, forcing the Emperor to marry Ali's mother, the formidable Empress Menen Liben Amede. Empress Menen was the true power behind her son and her helpless husband, and it was she who arranged for Kassa of Qwara to marry her granddaughter, Tewabech Ali
Tewabech Ali
Tewabech Ali was the first wife of Kassa Haile, better known as Emperor Tewodros II of Ethiopia. They were married in 1848....

 and the grant to Kassa of the title of Dejazmach. She awarded him all of Ye Meru Qemas in the hopes of binding him firmly to her son and herself.

Although all sources and authorities believe that Kassa truly loved and respected his wife, his relationship with his new in-laws deteriorated largely because of the disdainful treatment he repeatedly received from the Empress Menen. By 1852 he rebelled against Ras Ali and, in a series of victories — Gur Amaba
Battle of Gur Amba
The Battle of Gur Amba was fought on 27 September 1852 between the forces of the Ethiopian regent, Ras Ali II, and the rebel forces of Kassa Hailu. Kassa was victorious, and Goshu Zewde of Gojjam, the commander of the regent's forces, was killed...

, Takusa
Battle of Takusa
The Battle of Takusa was fought on April 12, 1853, between the forces of Kassa Hailu, future Emperor of Ethiopia, and an alliance of several rival warlords...

, Ayshal
Battle of Ayshal
The Battle of Ayshal was fought on June 29, 1853, between the forces of Kassa Hailu and the forces of Ras Ali II, in Ayshal, in eastern Gojjam. Kassa's forces won the battle....

, and Amba Jebelli
Battle of Amba Jebelli
The Battle of Amba Jebelli was fought in Ethiopia in 1854 between the forces of Kassa Hailu , and the forces of Birru Goshu of Gojjam. Kassa was victorious, Birru Goshu was captured and spent the next 14 years in chains....

 — over the next three years he handily defeated every army the Ras and the Empress sent against him. At Ayshal he captured the Empress Menen, and Ras Ali fled from the rising star and out of history. Kassa announced that he was deposing Yohannes III, and then marched on his greatest remaining rival, Dejazmach Wube Haile Maryam of Semien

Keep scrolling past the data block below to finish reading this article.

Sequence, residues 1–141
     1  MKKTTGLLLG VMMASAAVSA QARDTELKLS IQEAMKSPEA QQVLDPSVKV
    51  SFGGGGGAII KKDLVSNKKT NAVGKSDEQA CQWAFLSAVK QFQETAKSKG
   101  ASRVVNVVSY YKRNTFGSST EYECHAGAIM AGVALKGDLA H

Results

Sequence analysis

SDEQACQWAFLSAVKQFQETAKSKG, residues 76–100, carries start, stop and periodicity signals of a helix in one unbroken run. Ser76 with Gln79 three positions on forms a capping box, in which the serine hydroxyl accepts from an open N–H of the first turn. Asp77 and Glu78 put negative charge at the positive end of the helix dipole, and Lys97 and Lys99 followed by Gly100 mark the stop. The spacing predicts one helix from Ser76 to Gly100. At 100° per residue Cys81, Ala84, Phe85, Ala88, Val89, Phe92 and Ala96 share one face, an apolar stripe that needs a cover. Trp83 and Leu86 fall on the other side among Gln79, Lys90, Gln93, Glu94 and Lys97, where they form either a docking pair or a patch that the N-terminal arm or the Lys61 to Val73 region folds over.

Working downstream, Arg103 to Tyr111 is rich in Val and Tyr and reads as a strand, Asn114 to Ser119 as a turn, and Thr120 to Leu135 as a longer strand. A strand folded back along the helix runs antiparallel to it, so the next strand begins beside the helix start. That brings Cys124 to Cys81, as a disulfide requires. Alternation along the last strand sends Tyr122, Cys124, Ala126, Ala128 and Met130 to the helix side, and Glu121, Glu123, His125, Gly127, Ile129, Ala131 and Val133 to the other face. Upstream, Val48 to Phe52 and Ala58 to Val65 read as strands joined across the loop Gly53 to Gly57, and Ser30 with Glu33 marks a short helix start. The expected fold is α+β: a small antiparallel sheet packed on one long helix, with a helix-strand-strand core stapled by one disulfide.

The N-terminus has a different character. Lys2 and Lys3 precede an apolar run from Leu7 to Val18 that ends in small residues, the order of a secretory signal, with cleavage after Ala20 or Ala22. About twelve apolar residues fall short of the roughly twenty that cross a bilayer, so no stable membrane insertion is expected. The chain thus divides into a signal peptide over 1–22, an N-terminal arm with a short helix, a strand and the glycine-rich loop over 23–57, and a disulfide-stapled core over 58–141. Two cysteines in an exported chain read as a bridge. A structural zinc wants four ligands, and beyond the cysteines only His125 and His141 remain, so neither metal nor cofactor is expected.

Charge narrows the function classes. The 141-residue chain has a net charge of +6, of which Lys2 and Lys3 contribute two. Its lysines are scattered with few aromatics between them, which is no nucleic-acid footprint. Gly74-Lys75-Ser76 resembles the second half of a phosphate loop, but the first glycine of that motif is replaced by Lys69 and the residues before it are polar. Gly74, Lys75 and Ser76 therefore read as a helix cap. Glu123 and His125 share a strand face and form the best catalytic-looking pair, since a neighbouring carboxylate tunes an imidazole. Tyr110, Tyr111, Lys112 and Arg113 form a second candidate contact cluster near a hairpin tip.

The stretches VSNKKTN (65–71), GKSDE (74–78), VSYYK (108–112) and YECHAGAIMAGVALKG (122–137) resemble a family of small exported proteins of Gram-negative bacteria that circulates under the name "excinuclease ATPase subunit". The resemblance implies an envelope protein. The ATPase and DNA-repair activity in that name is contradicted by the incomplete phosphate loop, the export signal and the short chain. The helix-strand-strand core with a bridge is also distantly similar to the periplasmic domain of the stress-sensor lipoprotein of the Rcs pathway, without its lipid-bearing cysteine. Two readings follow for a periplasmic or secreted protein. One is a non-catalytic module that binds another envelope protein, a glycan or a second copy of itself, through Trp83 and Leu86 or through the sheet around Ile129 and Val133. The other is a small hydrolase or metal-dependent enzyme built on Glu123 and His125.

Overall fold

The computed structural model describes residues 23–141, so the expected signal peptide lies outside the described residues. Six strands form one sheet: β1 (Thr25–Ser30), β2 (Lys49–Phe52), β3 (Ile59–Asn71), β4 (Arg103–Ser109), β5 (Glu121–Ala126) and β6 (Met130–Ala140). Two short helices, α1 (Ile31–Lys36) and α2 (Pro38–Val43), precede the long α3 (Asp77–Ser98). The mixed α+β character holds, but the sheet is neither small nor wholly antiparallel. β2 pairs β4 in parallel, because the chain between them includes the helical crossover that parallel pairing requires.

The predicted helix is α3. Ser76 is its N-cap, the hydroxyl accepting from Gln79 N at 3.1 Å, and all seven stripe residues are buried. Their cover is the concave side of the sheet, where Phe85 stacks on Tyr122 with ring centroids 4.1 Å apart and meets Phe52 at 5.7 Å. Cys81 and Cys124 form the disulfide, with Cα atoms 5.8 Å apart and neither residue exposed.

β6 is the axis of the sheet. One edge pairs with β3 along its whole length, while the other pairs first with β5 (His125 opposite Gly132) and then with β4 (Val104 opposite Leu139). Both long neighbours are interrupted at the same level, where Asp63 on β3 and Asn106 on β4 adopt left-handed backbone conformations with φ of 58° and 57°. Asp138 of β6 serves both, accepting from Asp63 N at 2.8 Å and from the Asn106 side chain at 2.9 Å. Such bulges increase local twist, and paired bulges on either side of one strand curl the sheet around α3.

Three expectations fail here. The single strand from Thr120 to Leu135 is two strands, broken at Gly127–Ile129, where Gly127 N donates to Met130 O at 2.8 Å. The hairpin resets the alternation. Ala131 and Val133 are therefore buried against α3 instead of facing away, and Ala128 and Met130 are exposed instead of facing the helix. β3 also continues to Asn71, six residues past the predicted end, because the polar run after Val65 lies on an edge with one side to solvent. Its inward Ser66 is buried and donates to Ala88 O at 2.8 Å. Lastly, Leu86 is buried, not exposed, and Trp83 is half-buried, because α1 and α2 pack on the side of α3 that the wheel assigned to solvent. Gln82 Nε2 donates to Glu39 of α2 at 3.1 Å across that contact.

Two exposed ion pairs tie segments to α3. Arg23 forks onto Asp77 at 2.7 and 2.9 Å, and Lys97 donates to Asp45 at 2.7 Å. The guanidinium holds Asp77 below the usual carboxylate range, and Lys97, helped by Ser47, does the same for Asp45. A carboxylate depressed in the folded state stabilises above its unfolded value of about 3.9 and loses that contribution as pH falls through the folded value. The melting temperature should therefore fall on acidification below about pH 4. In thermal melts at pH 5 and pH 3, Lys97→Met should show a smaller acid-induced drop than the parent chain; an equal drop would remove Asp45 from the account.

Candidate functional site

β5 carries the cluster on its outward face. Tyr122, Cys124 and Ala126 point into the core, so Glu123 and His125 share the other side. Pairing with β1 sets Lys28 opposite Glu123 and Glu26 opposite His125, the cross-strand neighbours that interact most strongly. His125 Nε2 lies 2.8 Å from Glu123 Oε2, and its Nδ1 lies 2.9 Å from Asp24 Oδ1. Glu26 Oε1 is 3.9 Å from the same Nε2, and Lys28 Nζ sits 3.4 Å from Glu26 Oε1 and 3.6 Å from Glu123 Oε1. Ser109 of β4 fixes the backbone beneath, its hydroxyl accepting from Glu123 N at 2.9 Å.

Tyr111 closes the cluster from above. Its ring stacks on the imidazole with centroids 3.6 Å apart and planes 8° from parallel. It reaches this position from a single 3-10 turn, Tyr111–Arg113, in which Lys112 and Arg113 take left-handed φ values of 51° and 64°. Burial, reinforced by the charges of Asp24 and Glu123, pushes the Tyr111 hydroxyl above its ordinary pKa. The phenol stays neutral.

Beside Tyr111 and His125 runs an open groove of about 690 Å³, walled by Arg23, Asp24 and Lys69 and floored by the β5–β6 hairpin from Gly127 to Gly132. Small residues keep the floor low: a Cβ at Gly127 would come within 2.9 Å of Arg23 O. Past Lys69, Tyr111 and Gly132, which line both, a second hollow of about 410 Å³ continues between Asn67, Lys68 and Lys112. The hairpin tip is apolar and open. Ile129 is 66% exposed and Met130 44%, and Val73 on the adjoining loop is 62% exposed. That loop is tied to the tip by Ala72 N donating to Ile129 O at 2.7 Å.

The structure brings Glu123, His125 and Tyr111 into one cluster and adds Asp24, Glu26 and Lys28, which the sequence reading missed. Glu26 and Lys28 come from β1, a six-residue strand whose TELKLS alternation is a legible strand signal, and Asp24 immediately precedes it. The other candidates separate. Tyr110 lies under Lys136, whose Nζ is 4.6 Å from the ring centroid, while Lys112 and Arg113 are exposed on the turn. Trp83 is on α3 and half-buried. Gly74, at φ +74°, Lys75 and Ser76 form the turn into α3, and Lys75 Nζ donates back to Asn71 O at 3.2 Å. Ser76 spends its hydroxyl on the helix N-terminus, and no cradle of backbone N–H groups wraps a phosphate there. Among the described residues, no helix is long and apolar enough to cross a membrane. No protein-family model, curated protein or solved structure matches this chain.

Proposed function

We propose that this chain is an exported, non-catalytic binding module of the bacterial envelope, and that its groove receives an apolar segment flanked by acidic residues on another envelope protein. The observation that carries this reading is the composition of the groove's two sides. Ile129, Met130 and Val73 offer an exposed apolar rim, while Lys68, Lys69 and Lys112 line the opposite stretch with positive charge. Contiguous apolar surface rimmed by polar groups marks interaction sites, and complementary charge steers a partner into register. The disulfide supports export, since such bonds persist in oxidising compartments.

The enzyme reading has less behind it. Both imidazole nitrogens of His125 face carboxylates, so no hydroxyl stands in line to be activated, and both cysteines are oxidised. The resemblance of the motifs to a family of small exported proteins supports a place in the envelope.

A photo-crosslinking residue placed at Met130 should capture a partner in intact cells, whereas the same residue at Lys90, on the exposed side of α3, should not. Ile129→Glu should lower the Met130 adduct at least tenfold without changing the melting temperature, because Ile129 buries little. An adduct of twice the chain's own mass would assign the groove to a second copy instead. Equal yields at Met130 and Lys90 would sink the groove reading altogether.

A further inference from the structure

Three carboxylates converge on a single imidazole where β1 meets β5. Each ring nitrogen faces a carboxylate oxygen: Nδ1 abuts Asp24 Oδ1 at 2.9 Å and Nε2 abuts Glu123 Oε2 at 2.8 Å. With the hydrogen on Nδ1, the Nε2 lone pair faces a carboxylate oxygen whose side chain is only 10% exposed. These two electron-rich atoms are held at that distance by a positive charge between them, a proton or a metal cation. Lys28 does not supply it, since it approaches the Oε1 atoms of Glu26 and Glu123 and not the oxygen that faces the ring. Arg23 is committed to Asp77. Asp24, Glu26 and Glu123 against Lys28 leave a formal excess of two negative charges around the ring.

Semien province
Semien Province was a historical province of northwest Ethiopia, often called Gondar. It was located south and west of the Tekezé River, and north of Lake Tsana. It was south west of Enderta Province, west of Tembien Province, and east of the Sudan. To some extent it covered the territory of the...

. Following the defeat of Dejazmach Wube, Kassa was crowned Emperor by Abuna
Abuna
Also see Leaders of ChristianityAbun is the honorific title used for any bishop of the Ethiopian Orthodox Tewahedo Church as well as of the Eritrean Orthodox Tewahedo Church...

 Salama III
Abuna Salama III
Salama III was Abuna, or head of the Ethiopian Orthodox Church . Originally brought to Ethiopia by Dejazmach Wube Haile Maryam, he afterwards attached himself to the party of Emperor Tewodros II for his help to settle the theological disputes and to gain control over the fractured church...

 in the church of Derasge Maryam on February 11, 1855. He took the throne name of Tewodros II, attempting to fulfill a prophecy that a man named Tewodros would restore the Ethiopian Empire to greatness and rule for 40 years.

Tewodros refused to acknowledge an attempt to restore the former Emperor Sahle Dengel
Sahle Dengel of Ethiopia
Sahle Dengel was of Ethiopia intermittently between 1832 and 11 February 1855, towards the end of the Zemene Mesafint...

 in the place of the hapless Yohannes III who had acknowledged Tewodros immediately. Yohannes III was treated well by Tewodros who seems to have had some personal sympathy for him. His views on Sahle Dengel are not known but are not likely to have been sympathetic.

Reign

Tewodros sought to unify and modernise Ethiopia
Ethiopia
Ethiopia , officially known as the Federal Democratic Republic of Ethiopia, is a country located in the Horn of Africa. It is the second-most populous nation in Africa, with over 82 million inhabitants, and the tenth-largest by area, occupying 1,100,000 km2...

. However, since he was nearly always away on campaign during his tenure as emperor, disloyal leaders frequently tried to dislodge him whilst he was away fighting. Within a few short years, he had forcibly brought back under direct Imperial rule the Kingdom of Shewa and the province of Gojjam. He crushed the many warlords of Wollo and Tigray and brought recalcitrant regions of Begemder and Simien under his direct rule.

He moved the capital city of the Empire from Gondar
Gondar
Gondar or Gonder is a city in Ethiopia, which was once the old imperial capital and capital of the historic Begemder Province. As a result, the old province of Begemder is sometimes referred to as Gondar...

, first to Debre Tabor
Debre Tabor
Debre Tabor is a town and a woreda in north-central Ethiopia. Located in the Debub Gondar Zone of the Amhara Region of Ethiopia, about 100 kilometers southeast of Gondar and 50 kilometers east of Lake Tana, this historic town has a latitude and longitude of with an elevation of 2706 meters above...

, and later to Magdala. Tewodros ended the division of Ethiopia among the various regional warlords and princes that had vied among each other for power for almost two centuries. He forcibly re-incorporated the regions of Gojjam